Hyponatremia was defined as a serum sodium level <135 mEq/L, and 360 studied patients met this criteria on the first day of hospitalization. Compared to those without hyponatremia, they had a significantly higher risk of all-cause mortality (hazard ratio [HR], 1.43; 95% CI, 1.11 to 1.83) and cardiovascular mortality (HR, 1.50; 95% CI, 1.04 to 2.17), independent of age, sex, hematocrit, estimated glomerular filtration rate, left ventricular ejection fraction, and prescribed medications.

The investigators found a dose-response relationship, with patients having severe hyponatremia (serum sodium level <125 mEq/L) having even higher mortality risk. Worsening of sodium levels during hospitalization (defined as a drop >3 mEq/L) was also associated with increased mortality risk, both in patients with hyponatremia on admission and those without. The associations between hyponatremia and mortality held true in the study's subgroup analyses.

Hyponatremia on admission has been previously associated with mortality in heart failure patients, the authors noted. The key question now is whether hyponatremia contributes to or just predicts outcomes. This study's finding that more severe hyponatremia was associated with worse outcomes “may support that patients with severe hyponatremia would be more likely to get benefits by correcting serum sodium levels,” the authors said. They concluded that both admission hyponatremia and changes in sodium levels during hospitalization could potentially be used in risk assessment of hospitalized heart failure patients.

Follow-up within 6 weeks of discharge for acute MI linked to greater medication adherence

Timely outpatient follow-up in older patients discharged after acute myocardial infarction (MI) is associated with greater long-term adherence to secondary risk prevention medications, a recent study found.

Researchers used the Acute Coronary Treatment and Intervention Outcomes Network Registry and longitudinal Medicare Part D prescription fill data to examine medication adherence among 20,976 acute MI patients (49.5% men; mean age, 75.8 years) discharged between Jan. 2, 2007, and Oct. 1, 2010, from 461 U.S. hospitals. Results of the retrospective analysis were published online March 23 by JAMA Cardiology.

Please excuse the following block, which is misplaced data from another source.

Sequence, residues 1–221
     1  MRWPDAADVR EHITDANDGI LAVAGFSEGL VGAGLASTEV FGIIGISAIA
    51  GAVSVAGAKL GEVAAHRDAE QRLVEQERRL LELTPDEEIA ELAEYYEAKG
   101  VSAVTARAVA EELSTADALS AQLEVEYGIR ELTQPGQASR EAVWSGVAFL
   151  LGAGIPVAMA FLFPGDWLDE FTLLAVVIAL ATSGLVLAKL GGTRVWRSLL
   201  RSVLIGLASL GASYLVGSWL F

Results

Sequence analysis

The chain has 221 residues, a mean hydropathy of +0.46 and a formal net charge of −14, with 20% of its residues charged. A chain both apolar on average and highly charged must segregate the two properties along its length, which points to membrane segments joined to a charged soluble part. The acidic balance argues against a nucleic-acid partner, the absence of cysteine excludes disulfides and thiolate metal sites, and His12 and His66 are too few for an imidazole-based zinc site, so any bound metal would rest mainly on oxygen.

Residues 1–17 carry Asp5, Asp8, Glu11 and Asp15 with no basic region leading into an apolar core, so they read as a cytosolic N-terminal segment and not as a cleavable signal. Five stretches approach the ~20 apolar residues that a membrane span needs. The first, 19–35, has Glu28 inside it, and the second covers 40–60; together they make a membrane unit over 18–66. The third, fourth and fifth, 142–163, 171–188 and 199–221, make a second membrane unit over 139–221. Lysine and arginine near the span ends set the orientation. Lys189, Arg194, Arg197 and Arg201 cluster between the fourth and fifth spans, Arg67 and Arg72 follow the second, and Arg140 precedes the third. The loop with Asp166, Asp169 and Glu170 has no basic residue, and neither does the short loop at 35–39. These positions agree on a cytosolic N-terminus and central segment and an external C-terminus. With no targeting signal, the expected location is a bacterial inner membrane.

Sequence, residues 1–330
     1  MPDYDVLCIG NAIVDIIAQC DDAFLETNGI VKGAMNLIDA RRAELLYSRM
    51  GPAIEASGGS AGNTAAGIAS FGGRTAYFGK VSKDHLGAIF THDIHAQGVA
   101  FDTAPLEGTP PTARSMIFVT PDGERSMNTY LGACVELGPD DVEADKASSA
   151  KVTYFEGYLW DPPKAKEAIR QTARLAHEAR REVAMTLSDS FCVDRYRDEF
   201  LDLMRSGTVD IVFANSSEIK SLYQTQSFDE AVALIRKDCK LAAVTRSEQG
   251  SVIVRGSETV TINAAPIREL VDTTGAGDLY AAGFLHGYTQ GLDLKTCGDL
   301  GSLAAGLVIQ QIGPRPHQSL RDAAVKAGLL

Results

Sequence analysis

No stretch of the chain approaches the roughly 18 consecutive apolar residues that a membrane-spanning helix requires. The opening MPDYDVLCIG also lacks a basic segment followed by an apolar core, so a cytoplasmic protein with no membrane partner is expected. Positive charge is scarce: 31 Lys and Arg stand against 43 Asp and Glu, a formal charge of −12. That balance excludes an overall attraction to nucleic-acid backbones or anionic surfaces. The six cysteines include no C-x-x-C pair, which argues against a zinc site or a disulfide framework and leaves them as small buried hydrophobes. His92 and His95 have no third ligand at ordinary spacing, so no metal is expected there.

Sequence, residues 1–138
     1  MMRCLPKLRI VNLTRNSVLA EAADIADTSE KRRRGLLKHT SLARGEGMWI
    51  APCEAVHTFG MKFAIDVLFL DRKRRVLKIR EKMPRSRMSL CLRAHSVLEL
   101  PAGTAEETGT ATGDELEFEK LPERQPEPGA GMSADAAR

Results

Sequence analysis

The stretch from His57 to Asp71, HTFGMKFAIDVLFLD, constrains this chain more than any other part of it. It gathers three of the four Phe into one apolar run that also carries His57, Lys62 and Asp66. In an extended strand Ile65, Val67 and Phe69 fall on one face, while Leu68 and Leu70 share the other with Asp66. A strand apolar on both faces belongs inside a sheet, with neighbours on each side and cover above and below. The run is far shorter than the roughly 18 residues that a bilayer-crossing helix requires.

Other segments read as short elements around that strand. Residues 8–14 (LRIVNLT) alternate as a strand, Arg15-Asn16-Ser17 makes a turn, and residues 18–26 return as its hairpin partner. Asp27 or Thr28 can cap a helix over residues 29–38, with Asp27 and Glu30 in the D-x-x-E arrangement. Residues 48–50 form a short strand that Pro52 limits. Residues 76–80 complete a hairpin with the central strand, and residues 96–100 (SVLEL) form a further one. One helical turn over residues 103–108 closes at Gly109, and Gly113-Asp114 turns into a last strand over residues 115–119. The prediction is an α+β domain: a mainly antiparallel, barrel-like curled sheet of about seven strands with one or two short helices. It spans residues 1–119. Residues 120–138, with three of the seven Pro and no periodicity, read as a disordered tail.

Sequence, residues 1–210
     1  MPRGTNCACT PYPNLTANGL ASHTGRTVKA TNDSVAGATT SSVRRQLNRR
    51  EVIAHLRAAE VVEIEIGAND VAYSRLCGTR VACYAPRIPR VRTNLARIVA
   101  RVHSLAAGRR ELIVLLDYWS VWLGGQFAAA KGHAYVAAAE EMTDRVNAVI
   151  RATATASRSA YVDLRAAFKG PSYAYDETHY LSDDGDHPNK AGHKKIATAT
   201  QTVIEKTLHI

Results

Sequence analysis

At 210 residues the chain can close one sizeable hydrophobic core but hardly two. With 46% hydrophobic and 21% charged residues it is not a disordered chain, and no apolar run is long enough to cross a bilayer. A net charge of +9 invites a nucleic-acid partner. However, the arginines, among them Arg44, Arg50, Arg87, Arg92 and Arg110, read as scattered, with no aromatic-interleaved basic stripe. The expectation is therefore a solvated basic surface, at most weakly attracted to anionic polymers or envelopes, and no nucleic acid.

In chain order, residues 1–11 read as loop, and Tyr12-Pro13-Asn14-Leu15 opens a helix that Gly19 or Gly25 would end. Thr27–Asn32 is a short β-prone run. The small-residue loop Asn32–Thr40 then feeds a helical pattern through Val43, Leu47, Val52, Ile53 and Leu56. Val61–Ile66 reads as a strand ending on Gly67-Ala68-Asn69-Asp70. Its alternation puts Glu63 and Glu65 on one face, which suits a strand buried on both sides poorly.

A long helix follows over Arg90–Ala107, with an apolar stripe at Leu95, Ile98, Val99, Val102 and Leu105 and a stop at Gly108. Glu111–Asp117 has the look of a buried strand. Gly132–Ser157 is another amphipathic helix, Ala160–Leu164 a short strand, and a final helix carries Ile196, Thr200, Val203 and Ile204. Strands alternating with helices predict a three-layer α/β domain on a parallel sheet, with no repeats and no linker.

Overall, 5,542 (26.4%) patients attended a follow-up visit within 1 week of discharge; 5,246 (25.0%) followed up between 1 and 2 weeks of discharge; 6,830 (32.6%) followed up between 2 and 6 weeks of discharge; and 3,358 (16.0%) had not followed up within 6 weeks of discharge.

Overall adherence rates at 90 days and 1 year postdischarge were 68.7% and 61.1% for beta-blockers, 63.8% and 54.4% for angiotensin-converting enzyme inhibitors or angiotensin receptor blockers, 63.4% and 55.8% for statins, and 64.2% and 63.5% for platelet P2Y12 receptor inhibitors, respectively.

Compared to patients who had follow-up visits within 1 week, medication adherence rates among those who followed up within 1 to 2 weeks and 2 to 6 weeks were not significantly different. However, patients who took longer than 6 weeks to follow up had lower composite medication adherence (P<0.001; adjusted odds ratio, 0.74 [95% CI, 0.70 to 0.77]).

Compared with patients with earlier follow-up, those with longer times between discharge and their first appointment were more likely to be men, to be black, and to live in communities with lower median household income, lower median home value, and lower rates of high school and college educational levels. They were also more likely to have been transferred from another hospital, less likely to have undergone percutaneous coronary intervention, and more likely to have undergone coronary artery bypass graft surgery. Overall morbidity and in-hospital complications did not differ significantly between groups.

The authors noted limitations to their study, such as its retrospective design and the likelihood of residual confounders. In addition, its data source was based on prescriptions filled, not taken, and did not allow for distinguishing appropriate medication discontinuation from plain nonadherence.

Adding midodrine to vasopressor reduced duration of therapy, ICU stay

For recovering septic shock patients, treatment with midodrine may reduce duration of vasopressors, a recent study found.

The retrospective observational study included 275 patients in a single medical ICU. All of the patients had a diagnosis of septic shock and had required at least 24 hours of IV vasopressors before demonstrating clinical stability with stable or decreasing vasopressor doses. One hundred forty of them received only an IV vasopressor, while 135 took oral midodrine along with the vasopressor. Results were published in the March CHEST.

The midodrine group had a significantly shorter duration of IV vasopressor therapy (2.9 days vs. 3.8 days; P<0.001), as well as a lower rate of reinstitution of vasopressors after discontinuation (5.2% vs. 15%; P=0.007). ICU length of stay was 7.5 days in the midodrine group compared to 9.4 days in the vasopressor-only group (P=0.017). The only complication of midodrine was 1 patient who developed transient bradycardia, which resolved upon discontinuation of midodrine.

The results indicate that midodrine “is a safe and effective method” to reduce the duration of IV vasopressors and ICU length of stay in patients recovering from septic shock, the authors said. They noted that because their hospital policy does not permit IV vasopressor use outside the ICU, midodrine therapy allowed patients to be transferred off the critical care unit sooner. Although the studied groups were similar in age, gender, and severity of illness scores, unmeasured variables could have confounded the results, they cautioned.

“This preliminary study demonstrates the safety of this practice and lays the groundwork for a prospective randomized controlled trial which will examine efficacy, starting dose, escalation, tapering, and appropriate patient selection for midodrine use during recovery from septic shock,” the authors concluded.